Help Out Mission Loc@l With Two Clicks

Mission Loc@l has many facets to it. Most of our community come to the site as a go-to source for news and information on the Mission District. And we love you for that.

Mission Loc@l is also an educational tool for journalism students from U.C. Berkeley and beyond.

Mission Loc@l is also a nonprofit that must experiment to find ways to sustain itself. Today we are launching a new one.

Many sites including the Dallas Morning News and New York Times have implemented various versions of paywalls. Your access to content is limited unless you reach for your wallet. That is not the model we are exploring.

Instead we’ve decided to try an alternative to paywalls. For the next few weeks we will be experimenting with Google Consumer Surveys. This means some content will be hidden to the reader until they take a survey, share the article you are reading or donate. The choice is yours and every choice helps Mission Loc@l stay strong so we can keep the community informed. The questionnaires are usually one or two questions. Pretty painless and then you are off on your way to keep reading the latest news from Mission Loc@l.

This is a test for us. A way for our readers to help keep Mission Local strong with just two quick clicks of a button and your honest feedback.

And we want your honest feedback, both for the surveys and your reaction to the surveys. Is this something you love, hate or are you indifferent.

You can try a questionnaire below to find the missing text to this article and if you encounter it at future articles, we hope you find Mission Loc@l valuable enough to participate.

(If you see a survey here – take it in order to keep reading)

[survey]

Did you like the experience? What were your thoughts? If you want to help us out even more – leave a comment. Some of my personal thoughts on this experiment can be found here.

[/survey]

Filed under: Today's Mission

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6 Comments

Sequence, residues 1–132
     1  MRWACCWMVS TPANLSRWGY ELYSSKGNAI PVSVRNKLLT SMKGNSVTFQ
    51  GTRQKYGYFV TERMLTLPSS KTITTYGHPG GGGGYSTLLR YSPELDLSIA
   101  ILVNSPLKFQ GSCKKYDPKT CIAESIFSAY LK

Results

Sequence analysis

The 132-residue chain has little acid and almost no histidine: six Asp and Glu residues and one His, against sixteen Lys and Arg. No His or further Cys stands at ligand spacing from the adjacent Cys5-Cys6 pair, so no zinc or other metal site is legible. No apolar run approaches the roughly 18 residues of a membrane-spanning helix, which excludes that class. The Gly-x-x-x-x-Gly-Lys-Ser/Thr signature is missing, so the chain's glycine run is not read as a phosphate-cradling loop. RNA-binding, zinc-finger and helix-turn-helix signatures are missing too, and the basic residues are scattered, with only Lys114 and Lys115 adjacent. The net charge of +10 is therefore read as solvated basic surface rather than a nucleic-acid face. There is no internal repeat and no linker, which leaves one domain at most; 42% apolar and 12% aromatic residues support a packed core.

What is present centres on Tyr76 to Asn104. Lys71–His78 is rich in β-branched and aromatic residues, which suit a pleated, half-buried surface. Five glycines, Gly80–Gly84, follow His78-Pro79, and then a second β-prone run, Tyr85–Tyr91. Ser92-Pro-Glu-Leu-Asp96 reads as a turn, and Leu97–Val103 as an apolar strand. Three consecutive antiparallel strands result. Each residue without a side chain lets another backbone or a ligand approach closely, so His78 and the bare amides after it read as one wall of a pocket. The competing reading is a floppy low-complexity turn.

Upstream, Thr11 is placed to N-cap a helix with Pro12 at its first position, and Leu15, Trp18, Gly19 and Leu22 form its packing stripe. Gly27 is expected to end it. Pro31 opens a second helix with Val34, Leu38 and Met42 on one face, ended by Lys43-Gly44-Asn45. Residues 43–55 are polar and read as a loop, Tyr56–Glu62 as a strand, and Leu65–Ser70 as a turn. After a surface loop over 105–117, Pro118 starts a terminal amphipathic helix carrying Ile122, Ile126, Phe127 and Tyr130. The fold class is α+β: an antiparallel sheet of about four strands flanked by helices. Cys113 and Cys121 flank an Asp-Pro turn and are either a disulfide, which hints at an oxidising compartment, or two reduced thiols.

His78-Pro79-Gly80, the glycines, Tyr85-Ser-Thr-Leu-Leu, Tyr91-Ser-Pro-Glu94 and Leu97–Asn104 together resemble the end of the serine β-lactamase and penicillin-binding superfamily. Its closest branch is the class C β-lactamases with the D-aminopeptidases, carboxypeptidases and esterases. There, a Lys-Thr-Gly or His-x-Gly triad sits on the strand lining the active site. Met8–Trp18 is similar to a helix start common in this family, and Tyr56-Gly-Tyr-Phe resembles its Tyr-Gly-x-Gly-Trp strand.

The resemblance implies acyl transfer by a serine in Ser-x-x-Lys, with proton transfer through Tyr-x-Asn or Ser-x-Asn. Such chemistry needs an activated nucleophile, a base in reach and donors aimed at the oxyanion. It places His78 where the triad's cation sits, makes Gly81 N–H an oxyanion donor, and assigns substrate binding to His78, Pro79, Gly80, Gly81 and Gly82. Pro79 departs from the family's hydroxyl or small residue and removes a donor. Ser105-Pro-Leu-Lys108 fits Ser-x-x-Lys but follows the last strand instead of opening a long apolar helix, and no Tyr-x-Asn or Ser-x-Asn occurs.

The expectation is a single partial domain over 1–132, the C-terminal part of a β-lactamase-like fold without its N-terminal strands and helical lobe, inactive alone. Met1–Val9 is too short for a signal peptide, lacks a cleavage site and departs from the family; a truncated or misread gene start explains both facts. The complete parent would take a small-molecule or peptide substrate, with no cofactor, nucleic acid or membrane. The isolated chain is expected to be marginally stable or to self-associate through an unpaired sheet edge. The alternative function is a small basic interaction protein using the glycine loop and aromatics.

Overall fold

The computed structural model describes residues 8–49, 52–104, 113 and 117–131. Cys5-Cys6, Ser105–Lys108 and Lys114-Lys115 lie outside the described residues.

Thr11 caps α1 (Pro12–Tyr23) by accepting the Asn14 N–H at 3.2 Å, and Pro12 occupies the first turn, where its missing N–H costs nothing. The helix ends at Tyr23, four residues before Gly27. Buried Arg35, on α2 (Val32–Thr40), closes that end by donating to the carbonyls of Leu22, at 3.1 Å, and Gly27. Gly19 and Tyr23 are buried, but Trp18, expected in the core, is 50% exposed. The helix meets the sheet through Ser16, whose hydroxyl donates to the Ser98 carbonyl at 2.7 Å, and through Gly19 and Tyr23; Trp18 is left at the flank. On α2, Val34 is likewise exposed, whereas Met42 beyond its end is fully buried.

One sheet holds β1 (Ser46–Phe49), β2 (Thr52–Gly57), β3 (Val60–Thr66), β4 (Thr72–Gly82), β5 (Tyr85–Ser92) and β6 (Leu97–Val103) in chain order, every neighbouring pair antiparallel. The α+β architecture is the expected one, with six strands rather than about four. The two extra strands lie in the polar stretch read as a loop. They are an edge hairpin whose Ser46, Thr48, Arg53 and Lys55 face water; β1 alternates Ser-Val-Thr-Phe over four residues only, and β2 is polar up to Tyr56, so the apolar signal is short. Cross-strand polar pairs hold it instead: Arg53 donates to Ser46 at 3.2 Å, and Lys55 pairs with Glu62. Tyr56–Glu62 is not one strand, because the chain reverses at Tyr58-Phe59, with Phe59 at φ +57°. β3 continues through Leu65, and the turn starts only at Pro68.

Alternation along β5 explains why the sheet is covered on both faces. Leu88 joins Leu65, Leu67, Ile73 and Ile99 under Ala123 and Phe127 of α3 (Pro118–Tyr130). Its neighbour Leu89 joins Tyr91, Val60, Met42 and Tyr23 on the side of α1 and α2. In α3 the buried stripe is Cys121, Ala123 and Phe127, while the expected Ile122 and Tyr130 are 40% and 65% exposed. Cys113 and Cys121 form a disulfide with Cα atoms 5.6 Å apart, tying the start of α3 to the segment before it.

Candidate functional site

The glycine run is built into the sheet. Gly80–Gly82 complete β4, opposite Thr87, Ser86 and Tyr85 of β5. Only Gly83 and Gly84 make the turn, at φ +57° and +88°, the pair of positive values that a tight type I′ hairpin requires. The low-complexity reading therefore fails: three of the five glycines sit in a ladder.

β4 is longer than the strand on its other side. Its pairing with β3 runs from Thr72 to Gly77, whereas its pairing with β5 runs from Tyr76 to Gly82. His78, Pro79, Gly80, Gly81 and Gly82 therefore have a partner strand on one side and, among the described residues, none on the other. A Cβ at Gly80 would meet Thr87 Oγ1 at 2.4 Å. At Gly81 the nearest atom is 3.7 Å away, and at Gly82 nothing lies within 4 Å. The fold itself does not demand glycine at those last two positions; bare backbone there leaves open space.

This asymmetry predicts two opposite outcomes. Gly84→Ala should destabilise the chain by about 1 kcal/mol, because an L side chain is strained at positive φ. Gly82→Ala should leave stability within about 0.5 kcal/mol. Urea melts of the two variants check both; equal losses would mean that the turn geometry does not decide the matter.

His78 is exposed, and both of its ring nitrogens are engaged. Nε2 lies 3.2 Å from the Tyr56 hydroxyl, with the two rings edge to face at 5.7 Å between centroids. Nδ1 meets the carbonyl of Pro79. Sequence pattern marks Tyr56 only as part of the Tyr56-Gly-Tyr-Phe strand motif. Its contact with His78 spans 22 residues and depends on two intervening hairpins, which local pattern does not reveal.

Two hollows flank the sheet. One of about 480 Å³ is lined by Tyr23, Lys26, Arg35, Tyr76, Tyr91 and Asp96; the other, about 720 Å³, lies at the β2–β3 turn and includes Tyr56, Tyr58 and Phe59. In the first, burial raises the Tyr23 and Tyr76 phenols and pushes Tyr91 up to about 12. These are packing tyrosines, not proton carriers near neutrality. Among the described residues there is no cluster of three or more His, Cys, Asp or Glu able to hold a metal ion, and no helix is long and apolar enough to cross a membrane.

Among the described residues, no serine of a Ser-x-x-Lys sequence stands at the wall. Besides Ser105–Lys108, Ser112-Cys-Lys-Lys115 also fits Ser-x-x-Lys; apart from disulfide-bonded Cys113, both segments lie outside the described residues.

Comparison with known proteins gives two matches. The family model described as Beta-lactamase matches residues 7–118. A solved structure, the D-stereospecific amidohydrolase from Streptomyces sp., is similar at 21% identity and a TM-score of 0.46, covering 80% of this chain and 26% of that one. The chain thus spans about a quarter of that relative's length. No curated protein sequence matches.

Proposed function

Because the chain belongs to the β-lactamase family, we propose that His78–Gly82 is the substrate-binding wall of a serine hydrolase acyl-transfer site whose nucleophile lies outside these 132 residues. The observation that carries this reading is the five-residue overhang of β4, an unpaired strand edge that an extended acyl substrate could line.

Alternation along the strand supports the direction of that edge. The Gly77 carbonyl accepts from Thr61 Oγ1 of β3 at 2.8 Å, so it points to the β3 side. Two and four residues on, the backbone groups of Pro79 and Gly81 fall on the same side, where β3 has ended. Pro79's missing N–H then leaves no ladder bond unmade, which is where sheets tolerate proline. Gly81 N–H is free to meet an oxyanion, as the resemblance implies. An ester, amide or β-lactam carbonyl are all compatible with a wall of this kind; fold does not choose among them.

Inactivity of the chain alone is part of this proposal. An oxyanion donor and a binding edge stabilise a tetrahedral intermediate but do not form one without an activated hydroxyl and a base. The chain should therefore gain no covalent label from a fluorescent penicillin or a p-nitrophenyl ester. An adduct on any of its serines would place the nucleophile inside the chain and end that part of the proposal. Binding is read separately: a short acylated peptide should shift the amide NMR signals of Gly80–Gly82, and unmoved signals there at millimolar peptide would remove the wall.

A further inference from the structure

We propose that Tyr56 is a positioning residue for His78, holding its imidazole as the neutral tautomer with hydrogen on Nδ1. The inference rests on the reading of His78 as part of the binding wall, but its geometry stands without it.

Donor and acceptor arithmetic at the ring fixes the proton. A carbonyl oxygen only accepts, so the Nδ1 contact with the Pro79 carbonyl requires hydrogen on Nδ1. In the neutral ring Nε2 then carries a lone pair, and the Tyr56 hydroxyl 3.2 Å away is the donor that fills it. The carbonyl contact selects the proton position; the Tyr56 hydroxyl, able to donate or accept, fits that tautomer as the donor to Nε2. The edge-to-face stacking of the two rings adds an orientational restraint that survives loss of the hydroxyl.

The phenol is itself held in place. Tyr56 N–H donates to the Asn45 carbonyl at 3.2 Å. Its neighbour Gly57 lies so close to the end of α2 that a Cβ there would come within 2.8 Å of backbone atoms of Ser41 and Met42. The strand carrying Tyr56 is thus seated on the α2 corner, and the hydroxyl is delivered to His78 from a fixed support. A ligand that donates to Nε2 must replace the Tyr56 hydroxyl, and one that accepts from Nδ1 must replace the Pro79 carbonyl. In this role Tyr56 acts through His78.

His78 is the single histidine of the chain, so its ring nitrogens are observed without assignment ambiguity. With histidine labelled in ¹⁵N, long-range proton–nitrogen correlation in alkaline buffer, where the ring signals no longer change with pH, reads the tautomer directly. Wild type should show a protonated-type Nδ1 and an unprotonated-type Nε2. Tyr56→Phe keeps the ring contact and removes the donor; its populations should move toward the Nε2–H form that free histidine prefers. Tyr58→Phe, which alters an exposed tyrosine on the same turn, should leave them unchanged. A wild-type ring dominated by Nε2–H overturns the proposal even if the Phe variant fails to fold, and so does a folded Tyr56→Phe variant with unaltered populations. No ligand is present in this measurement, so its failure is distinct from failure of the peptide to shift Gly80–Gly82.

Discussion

1. people gotta start paying for content, everybody wants everything an artist can possible create for free. People WAKE UP and support artist and all avenues for artist that you find benefits your life. $$$ isn’t real, give it away!

  2. lou

    Could you explain how these surveys are actually keeping Mission Local strong? Do you get paid for each completed survey?

    It’s easy enough if you keep it as simple as this. As a long time reader of your blog I’m happy to help out.

    • David Cohn Post author

      Hi Lou
      Yes – you are 100% on the mark. Mission Local makes a little money for every survey that is taken. Every little bit helps. We do not intend for the surveys to go beyond the experience you probably just went through (which is relatively quick/painless).

  3. tessa

    Can you tell us what google is doing with this survey info – selling it to others, using it for their own advertising. . .? And are they capturing our individual isp address, for that personal dossier they are supposedly creating on all of their users? Not that it makes a difference, its just nice to know how our info is being used.

    • David Cohn Post author

      Hi Tessa
      I don’t know about the ISP – but I do imagine Google is getting some general demographic data about you (like location and what browser you are using) along with the specific answer you provide.

      And yes – they will be aggregating that data (not PERSONAL information like your name/email/etc) and then selling that off to marketers or other business.

      But the good news is that Google is also paying Mission Local for every response we collect. Thus – Mission Local makes some money as well and it allows us to keep pushing forward.

      Thanks for the honest question and reaction. It is most helpful as we try this experiment.

      • I’m the product manager for Google Consumer Surveys, the microsurvey paywalls that are running on Mission Local. I just wanted to clarify what Google is doing with the data we collect.

        We only share these answers with the researcher that paid to ask the question. All the answers are anonymous and are aggregated before the reports are given to the researchers paying for these responses. Google doesn’t use these answers for any other purpose, combine it with any other data or use it to sell advertisements. We are just acting as the middleman for researchers and publishers.

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